The robots are coming. Every week, it seems, announcements hail a coming era of personal robots: Machines that will ingratiate themselves into our homes by liberating us from despised chores like folding fitted sheets.
Vacuuming is one of those chores. And for that, help is the Roomba by iRobot Corp.
More than 10 years ago, I bought the first-generation version of the Roomba, intrigued by the algorithm that sent it scooting automatically around the room, entertaining my cat along the way. But the vacuum didn’t clean very well, and when the battery no longer held a charge, the expensive cat toy found its way down to the basement, where I imagine it still sits.
The latest Roomba, the 880, probably will not share that fate. The machine, which has the same hockey-puck profile of the earliest Roombas, not only cleans floors as well as an upright or canister vacuum cleaner, it actually may do a superior job on pet hair.
The algorithm still sends the robot careening around a room in what seems like a random pattern. When it comes across a bit of dirt, the little machine focuses on the spot, twirling around in a spiral until it licks the problem.
A little spinning brush under the Roomba whisks the dirt into two rotors that never seem to get tangled with hair and string, unlike many of the most expensive vacuum cleaners. (The trick? No bristles on the rotors.)
The machine signals when the dirt bin is full, and when I was alerted, I found a large clump of cat hair and dirt inside. Very satisfying.
The Roomba emits a pleasant hum, not the high-pitched whine of most vacuums. Aside from it gently thumping into table legs and walls, you get used to it working in the background as you go about more important tasks.
And like previous generations of Roombas, you don’t need to worry about it crashing down stairs. Sensors stop it from going over the edge.
The machine comes with two pillars that block off portions of the room you don’t want cleaned. The pillars shoot off an infrared beam that acts as a fence, maybe to wall off a precious vase or the pet bowls on the floor.
In my experience, the Roomba never grabbed carpet tassels, which can’t be said of many regular vacuum cleaners I’ve tried. (The iRobot engineers added what they call “anti-tassel mode,” by making the rotors momentarily go in reverse if it detects a cord or carpet fringe.) And at 3.6 inches high, the machine can slip under most furniture.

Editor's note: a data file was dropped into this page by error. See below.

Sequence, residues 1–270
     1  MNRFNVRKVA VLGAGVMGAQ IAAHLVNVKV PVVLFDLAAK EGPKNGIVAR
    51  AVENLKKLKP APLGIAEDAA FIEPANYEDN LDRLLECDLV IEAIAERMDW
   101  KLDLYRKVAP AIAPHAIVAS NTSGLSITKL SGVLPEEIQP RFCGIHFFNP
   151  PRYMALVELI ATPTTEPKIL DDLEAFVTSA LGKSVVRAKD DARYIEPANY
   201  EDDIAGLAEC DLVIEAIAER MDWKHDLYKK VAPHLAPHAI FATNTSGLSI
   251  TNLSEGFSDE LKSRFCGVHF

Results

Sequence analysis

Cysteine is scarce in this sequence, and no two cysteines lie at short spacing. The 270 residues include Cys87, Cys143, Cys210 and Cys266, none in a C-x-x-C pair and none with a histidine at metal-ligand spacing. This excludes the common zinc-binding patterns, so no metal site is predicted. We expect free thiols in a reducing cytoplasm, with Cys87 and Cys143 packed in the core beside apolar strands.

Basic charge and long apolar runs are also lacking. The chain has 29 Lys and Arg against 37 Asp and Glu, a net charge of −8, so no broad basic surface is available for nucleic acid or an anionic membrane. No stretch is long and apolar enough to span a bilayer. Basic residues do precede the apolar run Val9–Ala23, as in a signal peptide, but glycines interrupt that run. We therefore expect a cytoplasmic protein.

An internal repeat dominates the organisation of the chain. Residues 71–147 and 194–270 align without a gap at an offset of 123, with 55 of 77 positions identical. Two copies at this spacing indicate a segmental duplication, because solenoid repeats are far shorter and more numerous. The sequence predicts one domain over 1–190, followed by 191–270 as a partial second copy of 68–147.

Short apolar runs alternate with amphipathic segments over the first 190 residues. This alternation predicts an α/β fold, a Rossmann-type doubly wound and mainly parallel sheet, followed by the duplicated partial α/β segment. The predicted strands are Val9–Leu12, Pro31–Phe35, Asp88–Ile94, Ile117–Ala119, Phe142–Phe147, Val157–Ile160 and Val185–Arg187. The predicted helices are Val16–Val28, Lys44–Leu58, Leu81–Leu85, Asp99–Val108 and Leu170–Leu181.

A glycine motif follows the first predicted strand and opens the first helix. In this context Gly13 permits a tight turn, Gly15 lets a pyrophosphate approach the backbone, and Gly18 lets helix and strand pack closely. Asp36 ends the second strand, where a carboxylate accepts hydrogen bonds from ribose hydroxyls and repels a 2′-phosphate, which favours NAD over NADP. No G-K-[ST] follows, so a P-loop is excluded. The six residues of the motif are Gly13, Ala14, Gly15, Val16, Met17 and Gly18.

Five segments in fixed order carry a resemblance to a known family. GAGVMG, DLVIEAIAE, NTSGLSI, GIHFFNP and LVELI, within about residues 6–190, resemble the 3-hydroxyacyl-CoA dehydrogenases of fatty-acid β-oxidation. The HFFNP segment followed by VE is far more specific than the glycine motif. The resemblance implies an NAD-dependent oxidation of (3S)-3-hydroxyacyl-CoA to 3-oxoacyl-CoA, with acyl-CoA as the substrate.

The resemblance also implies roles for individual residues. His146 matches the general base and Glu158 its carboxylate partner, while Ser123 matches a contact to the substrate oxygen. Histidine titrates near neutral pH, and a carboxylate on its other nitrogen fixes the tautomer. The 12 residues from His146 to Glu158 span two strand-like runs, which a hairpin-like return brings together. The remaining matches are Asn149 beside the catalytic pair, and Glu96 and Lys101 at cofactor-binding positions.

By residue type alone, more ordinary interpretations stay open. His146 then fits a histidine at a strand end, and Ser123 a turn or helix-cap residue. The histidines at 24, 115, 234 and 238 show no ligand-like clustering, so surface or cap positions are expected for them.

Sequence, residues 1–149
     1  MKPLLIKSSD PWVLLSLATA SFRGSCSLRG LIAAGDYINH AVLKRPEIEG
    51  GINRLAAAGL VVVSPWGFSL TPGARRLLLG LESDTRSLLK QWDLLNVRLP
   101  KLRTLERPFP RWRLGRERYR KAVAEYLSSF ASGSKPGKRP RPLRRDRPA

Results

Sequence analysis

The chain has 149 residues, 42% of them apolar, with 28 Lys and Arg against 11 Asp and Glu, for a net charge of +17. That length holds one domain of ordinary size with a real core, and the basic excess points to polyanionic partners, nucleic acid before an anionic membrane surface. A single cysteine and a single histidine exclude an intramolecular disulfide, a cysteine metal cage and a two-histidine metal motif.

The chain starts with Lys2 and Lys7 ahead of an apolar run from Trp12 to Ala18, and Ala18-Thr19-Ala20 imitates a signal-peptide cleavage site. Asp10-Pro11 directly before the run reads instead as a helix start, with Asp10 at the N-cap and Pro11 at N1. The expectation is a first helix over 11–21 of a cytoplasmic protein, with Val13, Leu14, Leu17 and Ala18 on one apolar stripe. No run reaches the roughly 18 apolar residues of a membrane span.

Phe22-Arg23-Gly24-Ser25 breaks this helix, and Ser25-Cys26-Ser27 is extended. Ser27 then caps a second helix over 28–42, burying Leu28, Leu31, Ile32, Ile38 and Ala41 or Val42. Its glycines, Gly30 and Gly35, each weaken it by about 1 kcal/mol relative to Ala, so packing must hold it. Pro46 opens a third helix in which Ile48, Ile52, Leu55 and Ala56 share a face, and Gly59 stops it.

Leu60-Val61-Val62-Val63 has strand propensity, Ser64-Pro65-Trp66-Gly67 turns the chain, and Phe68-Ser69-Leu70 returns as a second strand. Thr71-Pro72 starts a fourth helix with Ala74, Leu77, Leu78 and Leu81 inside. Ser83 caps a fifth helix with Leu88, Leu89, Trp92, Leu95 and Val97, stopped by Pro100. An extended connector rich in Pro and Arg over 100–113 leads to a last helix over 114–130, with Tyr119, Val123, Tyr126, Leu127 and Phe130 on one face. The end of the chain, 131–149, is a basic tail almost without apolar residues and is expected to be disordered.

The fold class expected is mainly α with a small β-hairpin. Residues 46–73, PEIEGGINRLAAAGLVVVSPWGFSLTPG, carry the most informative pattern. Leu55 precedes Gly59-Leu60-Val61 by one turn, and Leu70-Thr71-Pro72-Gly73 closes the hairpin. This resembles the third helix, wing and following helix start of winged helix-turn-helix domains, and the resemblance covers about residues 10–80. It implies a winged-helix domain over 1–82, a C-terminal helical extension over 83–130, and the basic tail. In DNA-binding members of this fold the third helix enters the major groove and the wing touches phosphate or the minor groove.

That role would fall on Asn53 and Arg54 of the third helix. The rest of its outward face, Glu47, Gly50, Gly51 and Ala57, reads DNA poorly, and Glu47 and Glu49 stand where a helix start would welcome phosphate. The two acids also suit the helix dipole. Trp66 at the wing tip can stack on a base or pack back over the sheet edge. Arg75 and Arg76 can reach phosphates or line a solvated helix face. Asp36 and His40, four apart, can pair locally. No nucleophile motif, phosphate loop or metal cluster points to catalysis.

It’s also easy to schedule the robot, so the machine can work every day without you raising a finger. You can see the house getting cleaner. Every day there is less debris in the bin, so you know it is working.
The robot returns by itself to its recharging station when it runs low on power. It docks itself, beeps out a little salute, and prepares itself for its next bout of cleaning.
But you may want to know, how does it do as a cat toy? I suppose results may vary, but in a test of four temperamental cats and one dog that is frightened of its own shadow, let alone vacuum cleaners with tubes and hoses, we got unanimous approval. The dog ignored it. The cats were intrigued and spent hours watching it, though they didn’t ride around on it like the cat in the YouTube video wearing a shark costume.
(There is an entire Tumblr page devoted to cats riding Roombas if you care to verify the Roomba’s usefulness as a cat toy. )
If the Roomba is at the vanguard of the robot army that will take over our lives by folding our clothes and cooking us dinner, well then I say, bring them on. It made my life a lot easier.
IRobot makes other consumer robots, such as a new floor-scrubbing device, the Scooba, and one that cleans roof gutters of leaves and debris, the Looj. (It also makes some robots for the military.)
IRobot also does something I rarely see in consumer electronics today, and certainly not in a Dyson, a machine honored for its great design: You easily can take apart its products and replace modules that fail. You even can replace the Roomba’s battery, which iRobot says is good for about three years.
But this robot is not yet perfect. The 880 has a remote control so I can focus the Roomba’s attention if necessary — sometimes it gets a mite confused — but the vacuum lacks a connection to the Internet, so I can’t schedule it via a mobile device from the office.
(I can control my thermostat that way; why shouldn’t I be able to manage my robots?)
And here is the real downside to our little robot friend: its $700 price tag. With a Dyson costing $400 or $500, that seems a little steep. (An older model, the Roomba 630, sells for $350.)
I’d have to go through considerable financial contortions to justify the purchase. But when it comes to finding ways to avoid housework, I can be pretty flexible.
Here is my thinking: The Roomba saves me a half-hour of vacuuming every other day. That’s about two hours a week, 52 times a year. If I value my time at $15 an hour, the Roomba saves me $1,560 a year.
Slam dunk for this wonderful machine. Right?
Not so quick. On second thought, I’d still have to own another vacuum and use it on occasion to clean tight corners, the stairs, couches, and chairs, and the spots between the furniture the Roomba can’t reach.
And to really have a work-free life with robot vacuum cleaners, I’d ideally have one for every floor. So my outlay could be at least $1,400, making my time-saving investment far less appealing.
But oh, did I enjoy the extra free time the Roomba provided. The truth is, when I used the Roomba every day, very few dust bunnies accumulated in corners. And I could use a cheap handheld to do the stairs and couch. The Roomba is light (8.4 pounds) and portable, so I could move it from one floor to the other each day without much trouble.
And did I mention it works fabulously as a cat toy?